As a child, I was always interested in making art. I knew, in my heart of hearts, that I wanted to be an artist from age five. Along the way, there were many challenges to realizing that aim. With this and future posts on the topic of “Learning how…” I will recount some of the challenges I faced and reflect on the outcomes.
For this first, a memory of learning to draw.
As I mentioned a few days ago, my father is an architect. He was usually very encouraging in my efforts to learn to draw. One Christmas, when I was seven or eight, I received a deluxe John Gnagy “Learn to Draw” kit from Santa.
It had so many shiny new tools and my first kneadable eraser, which was quite fascinating to me. I used the 64 page instruction book to guide my early “serious” experiences. I drew the requisite cubes, spheres and cones, shading them to create the illusion of three dimensions, and drawing their shadows on their supposed tabletop plane. Gnagy also had a well-known television program at the time, but I don’t remember watching it. http://tseymour.com/gnagy.html Once I became bored with the exercises in the book my father would set up still life subjects for me on the dining table. He’d place wine bottles, glasses, vases and artificial flowers in arrangements, and then show me how to approach the process.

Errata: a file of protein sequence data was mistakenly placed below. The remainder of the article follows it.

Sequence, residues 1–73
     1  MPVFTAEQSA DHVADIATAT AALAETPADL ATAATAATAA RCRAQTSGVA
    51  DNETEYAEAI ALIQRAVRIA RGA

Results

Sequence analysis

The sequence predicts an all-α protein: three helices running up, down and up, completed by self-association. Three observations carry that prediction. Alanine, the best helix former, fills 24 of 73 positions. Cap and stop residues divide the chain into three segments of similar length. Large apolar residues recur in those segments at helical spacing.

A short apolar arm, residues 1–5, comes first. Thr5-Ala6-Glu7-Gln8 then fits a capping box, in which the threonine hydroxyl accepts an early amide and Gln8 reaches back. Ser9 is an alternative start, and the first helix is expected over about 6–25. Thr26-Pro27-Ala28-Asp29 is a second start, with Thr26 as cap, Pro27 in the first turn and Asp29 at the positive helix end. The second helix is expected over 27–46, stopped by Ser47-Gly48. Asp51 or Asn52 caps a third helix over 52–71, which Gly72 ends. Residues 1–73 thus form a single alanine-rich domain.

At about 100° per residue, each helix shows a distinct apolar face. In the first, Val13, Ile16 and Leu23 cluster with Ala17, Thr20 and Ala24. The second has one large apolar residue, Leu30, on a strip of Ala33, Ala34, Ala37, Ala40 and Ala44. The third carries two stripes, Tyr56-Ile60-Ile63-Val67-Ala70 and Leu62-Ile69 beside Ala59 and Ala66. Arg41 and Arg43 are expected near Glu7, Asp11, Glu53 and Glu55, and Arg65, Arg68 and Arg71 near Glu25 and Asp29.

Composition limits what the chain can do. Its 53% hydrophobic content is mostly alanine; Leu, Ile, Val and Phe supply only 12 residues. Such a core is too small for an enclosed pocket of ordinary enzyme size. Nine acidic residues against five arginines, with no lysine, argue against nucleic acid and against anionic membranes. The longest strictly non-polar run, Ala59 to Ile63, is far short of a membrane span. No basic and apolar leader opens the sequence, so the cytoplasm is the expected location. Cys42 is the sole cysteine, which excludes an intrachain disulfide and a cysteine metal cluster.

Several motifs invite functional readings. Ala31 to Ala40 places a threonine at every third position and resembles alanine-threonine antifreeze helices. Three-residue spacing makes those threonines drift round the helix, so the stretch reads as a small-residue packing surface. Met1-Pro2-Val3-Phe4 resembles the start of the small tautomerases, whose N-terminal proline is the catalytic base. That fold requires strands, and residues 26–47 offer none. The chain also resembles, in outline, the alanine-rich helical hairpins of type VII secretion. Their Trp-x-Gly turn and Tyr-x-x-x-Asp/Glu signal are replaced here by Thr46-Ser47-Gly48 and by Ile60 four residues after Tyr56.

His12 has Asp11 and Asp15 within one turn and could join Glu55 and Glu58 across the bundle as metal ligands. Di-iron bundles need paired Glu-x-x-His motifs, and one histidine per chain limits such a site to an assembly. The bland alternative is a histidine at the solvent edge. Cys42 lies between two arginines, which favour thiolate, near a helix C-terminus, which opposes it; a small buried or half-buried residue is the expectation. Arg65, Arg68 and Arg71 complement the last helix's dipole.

Of all the subjects I attempted as a child, the most difficult, of course, was the human figure. I always struggled with the figure until I attended art school and had the advantage of life drawing courses. Of particular difficulty were hands and feet. I complained to my father about this. He smiled and said, “No problem. Until you learn to draw them, just draw your figures wearing gloves and standing in pails of water.”
So, this is what I did. It wasn’t too much later that I was visited in art class by the school’s counselor. (In those days, they didn’t call them School Psychologists.) Fearing some deeply felt disturbance in my young soul, she asked, “Tell me about these drawings? Is there some reason you draw your people wearing gloves and standing in buckets?” When I explained my inability to draw hands and feet and the advice of my father, she smiled… though I could tell she was stifling what would have been an off-the-chart burst of laughter.